Going to make some videos about how to do that. So that'll be cool. What else have we shipped? Vite. We got Vite now. That's mostly for us to just like shed responsibility. No, share responsibility. Yeah, that's true. That's true, actually. Because you're contributing back to Vite as well. And I think that's a, you know, totally. It's a good, good thing. Speaking of which, a really dumb little feature,

something that I really liked about remix is when you import an asset, like it just gave you an href to like include however you want, like CSS, right? When you import CSS into remix, it doesn't just do some magical who knows what to get CSS on the page. You actually got an href and you put it into a link yourself.

And Vite couldn't quite do that the way that remix could, but now it can. And I know that our team helped contribute some of that stuff. So, yeah, you're right. It is two way, but I'm trying to get away from bundlers personally, completely. So I probably will never be very involved in that.

So I probably will never be very involved with RV stuff. Yeah. But this is the real world and lots of people want and use bundlers. So I appreciate that that is a priority for the remix team. Yeah, absolutely. Yeah. Thank you for clarifying that. We will always support bundling because there are performance improvements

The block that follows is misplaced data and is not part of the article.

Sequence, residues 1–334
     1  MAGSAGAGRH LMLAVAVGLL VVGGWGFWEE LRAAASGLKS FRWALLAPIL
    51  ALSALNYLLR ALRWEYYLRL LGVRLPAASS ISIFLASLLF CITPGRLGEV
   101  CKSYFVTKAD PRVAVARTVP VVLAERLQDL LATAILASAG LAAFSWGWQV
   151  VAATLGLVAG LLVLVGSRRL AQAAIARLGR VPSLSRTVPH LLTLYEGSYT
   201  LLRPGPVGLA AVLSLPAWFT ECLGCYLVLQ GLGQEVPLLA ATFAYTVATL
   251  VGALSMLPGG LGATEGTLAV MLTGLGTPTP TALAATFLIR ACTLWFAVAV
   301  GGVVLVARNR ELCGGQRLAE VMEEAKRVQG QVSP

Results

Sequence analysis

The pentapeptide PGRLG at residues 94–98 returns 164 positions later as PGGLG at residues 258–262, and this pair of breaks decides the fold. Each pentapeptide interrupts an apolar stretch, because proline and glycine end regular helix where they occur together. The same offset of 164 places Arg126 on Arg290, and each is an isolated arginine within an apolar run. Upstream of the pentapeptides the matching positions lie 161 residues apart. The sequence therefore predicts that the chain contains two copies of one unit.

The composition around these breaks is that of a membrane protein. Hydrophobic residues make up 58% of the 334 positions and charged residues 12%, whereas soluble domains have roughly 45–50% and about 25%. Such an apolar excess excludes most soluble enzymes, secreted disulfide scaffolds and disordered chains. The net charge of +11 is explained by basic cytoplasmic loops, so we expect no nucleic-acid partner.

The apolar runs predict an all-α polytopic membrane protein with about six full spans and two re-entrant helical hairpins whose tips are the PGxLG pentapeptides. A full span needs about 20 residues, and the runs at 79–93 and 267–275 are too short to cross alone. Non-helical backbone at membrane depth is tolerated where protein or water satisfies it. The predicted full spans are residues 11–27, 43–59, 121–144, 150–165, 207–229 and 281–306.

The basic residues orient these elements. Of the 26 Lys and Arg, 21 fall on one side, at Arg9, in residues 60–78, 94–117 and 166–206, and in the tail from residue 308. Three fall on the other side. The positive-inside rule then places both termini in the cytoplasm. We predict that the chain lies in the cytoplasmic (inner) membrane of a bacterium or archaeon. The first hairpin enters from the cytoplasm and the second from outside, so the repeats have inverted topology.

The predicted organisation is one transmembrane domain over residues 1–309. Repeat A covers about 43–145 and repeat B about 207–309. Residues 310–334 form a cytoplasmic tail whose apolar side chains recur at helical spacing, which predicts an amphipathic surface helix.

that you only get with bundling. So, yeah. But I think that having a focus on how do we do this without any magical tools actually leads to a simpler API and implementation as well. So I think both goals are important. Yeah.

Then the bundlers can just target the real thing instead of like that. That's a big regret I have of remix is that the first thing that happens is a bundler looks at a config and some magic files and then remix goes. You know, there is no real... I mean, your server file is an entry point, but you import your build at the top of that thing, right?